Michelle Duggar recently returned to her Tontitown, Arkansas home with her newborn Josie, who arrived three months early. Like any mom of a preemie, there's a lot of "don't touch the baby" going on in the Duggar household, what with 18 others germing up the joint.
But the reality TV star of 19 Kids and Counting has got it covered. The 43-year-old uber mom spoke to ParentDish by phone yesterday about life with a preemie, the surprising cause of her baby's upset tummy and her own plans for losing the (19th) baby weight.
PD: Tell me about Josie? Is she your first preemie?
MD: Our second set of twins, Jedidiah and Jeremiah, came at about five weeks before their due date, but they were 5 lbs. each. They were in the hospital for about nine days. Jeremiah's lung collapsed and he had antibiotics. They're 11 years old now and just fine.
PD: Now about Josie.
MD: We are so thankful. It could've been much more serious. We're grateful that it was a diet change that made the difference for her. We changed from breast milk to a predigested formula that has no lactose, and within 12 hours she was better. And, within a week, she was pooing on her own, without us having to give her an enema. She was a totally different baby a week later.
PD: Wow, breast milk was the culprit?
MD: Typically, they never want to take a preemie off breast milk, but in her case the lactose in my milk was causing a problem. Her body was not producing lactase, which breaks down the lactose.
PD: Whose idea was it to suggest a possible lactose intolerance?
MD: Dr. [Robert] Arrington, he is such an ace doctor. And he encourages moms to breast-feed, so for him to resort to this was a big deal. He wanted to try this, and he asked me if it was okay and I said, 'Yes, anything to help Josie.' He said that breast milk intolerance is a rare occurrence for babies, maybe one percent or less, but he said we're going to try it for a week and see.
PD: What did he see?
MD: Well, in the hospital the technicians were watching her digesting milk on a screen. They were like, 'Whoa did you see that?' Her stomach would flip up when she was digesting. She doesn't have the ligament to hold things down.They have this big, long name for it, like rotating axial stomach [organoaxial malrotation of the stomach, as per Michelle's publicist] and it kinds of flips up and down. They agreed that it's not life threatening, and they don't want to do the surgery to tack it down. It's still there and she'll live with it the rest of her life.
PD: Will there be any lasting effects of her stomach issues?
MD: I wonder if it would be uncomfortable for her to do cartwheel one day or go on roller coasters. They say preemies sometimes have reflux, and when she burps and coughs at the same time her whole body goes. As she gets bigger, we will see. She'll learn to live with this. The doctor said a lot of people walk around with it and they don't know they have it.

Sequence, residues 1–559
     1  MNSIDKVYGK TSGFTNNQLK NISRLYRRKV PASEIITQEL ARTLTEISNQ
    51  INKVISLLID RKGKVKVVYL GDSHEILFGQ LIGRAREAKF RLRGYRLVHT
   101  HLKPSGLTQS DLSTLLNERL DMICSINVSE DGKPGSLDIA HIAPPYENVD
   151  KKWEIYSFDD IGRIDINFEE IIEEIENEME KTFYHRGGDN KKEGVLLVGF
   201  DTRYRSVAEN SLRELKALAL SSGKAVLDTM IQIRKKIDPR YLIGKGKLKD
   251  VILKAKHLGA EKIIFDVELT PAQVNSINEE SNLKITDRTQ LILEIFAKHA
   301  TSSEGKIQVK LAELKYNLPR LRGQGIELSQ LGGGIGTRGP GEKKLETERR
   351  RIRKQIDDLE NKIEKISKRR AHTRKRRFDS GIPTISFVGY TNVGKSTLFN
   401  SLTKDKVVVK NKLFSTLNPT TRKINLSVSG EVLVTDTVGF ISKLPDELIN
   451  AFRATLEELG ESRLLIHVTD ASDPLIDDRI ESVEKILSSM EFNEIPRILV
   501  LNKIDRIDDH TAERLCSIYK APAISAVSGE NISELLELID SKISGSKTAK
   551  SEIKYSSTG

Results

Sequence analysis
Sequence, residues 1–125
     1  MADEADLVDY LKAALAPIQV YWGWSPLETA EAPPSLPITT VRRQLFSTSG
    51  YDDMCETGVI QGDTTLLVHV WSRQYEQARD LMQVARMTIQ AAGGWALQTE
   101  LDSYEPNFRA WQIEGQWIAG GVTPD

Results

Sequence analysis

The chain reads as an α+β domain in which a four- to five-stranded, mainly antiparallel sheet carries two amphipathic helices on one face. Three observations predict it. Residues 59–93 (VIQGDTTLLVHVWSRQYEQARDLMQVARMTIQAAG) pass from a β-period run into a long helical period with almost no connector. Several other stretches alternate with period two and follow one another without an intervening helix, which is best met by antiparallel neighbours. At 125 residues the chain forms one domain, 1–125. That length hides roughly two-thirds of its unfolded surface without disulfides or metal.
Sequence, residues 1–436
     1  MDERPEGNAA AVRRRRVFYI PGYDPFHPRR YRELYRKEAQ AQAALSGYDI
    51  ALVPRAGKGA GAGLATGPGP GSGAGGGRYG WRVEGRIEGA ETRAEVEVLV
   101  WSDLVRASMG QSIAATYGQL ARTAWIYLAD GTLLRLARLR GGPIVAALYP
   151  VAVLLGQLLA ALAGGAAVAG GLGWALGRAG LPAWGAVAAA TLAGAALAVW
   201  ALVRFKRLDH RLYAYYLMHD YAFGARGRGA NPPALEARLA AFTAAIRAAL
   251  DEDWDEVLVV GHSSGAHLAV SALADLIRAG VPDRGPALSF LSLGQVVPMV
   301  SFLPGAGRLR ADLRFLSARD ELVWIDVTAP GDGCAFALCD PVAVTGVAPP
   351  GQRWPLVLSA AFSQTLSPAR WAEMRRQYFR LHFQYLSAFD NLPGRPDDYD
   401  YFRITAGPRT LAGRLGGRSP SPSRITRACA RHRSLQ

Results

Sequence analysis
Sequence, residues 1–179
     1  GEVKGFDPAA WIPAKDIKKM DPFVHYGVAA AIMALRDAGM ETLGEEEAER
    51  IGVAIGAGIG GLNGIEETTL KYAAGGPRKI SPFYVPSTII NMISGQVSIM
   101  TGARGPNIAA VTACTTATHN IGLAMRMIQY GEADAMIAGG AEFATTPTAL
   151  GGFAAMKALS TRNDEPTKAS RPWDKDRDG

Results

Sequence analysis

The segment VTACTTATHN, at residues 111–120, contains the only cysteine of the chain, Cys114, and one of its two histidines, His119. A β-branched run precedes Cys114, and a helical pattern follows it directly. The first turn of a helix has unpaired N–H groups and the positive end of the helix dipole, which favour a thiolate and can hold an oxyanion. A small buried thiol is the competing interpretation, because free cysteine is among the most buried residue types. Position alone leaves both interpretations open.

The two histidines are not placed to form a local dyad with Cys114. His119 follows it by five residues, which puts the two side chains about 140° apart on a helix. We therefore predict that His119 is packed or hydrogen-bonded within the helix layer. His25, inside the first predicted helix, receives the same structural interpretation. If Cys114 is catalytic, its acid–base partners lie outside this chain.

PD: So, what's she like, personality-wise?
MD: She's 11 lbs., 1 ounce, a happy baby. She's 7½ months, with the adjusted age of 4½ months, because she was premature. She hardly ever cries. And when she's hungry she smacks on her fingers. She doesn't really get suction, she kind of lays them in her mouth and smacks on them. It's the cutest thing. She wakes me up when I hear that. But she very rarely cries anymore. She probably got it all out at the beginning when her tummy hurt. She's smiling and she started this new thing where she's cooing and it startles her. She's realizing she can make loud noises.
PD: It must be hard with so many siblings to get face-time with the baby?
MD: Joseph said, 'You know, I've only held her three times.' I said, 'Yes, all your siblings are getting in front of you.' Joseph is not the type to barge in and ask. But when he talks to her, her eyes light up. Joseph is 15.
PD: And the sisters?
MD: The older girls are wanting every minute that she's awake. The big girls tend to monopolize the baby time. The little guys come up and ask. The two younger ones have a runny nose so they can't get near her.
PD: Right. How do you handle the germ thing at home?
MD: People have to get screened before they come into our bedroom. And we have the Germ-X stations around the house.
PD: Wait, really? Like they have in public bathrooms?
MD: Yes, with the pump. We also have them at our food-serving line. With Josie, they have to have clean hands, and not touch their nose, eyes or face while they're holding her. Runny noses, sore throats, we have so many little ones that are incubators for germs. They're always swapping spit and chewing on each others' toys.
PD: And how's grandparenting going?
MD: It's so much fun. Mackynzie is two months older than Josie, and she's the happiest baby, such a butterball. Anna [Michelle's daughter-in-law] has done such a good job. She's the cutest, chunky thing and she's about to pull up and stand on her own.
PD: Ah, baby exercise. And how's your postpartum wellness going?
MD: I'm still sticking to my Weight Watchers program. I'm not at my goal weight and I need to get to my meetings and do some exercise. I'll get there.Source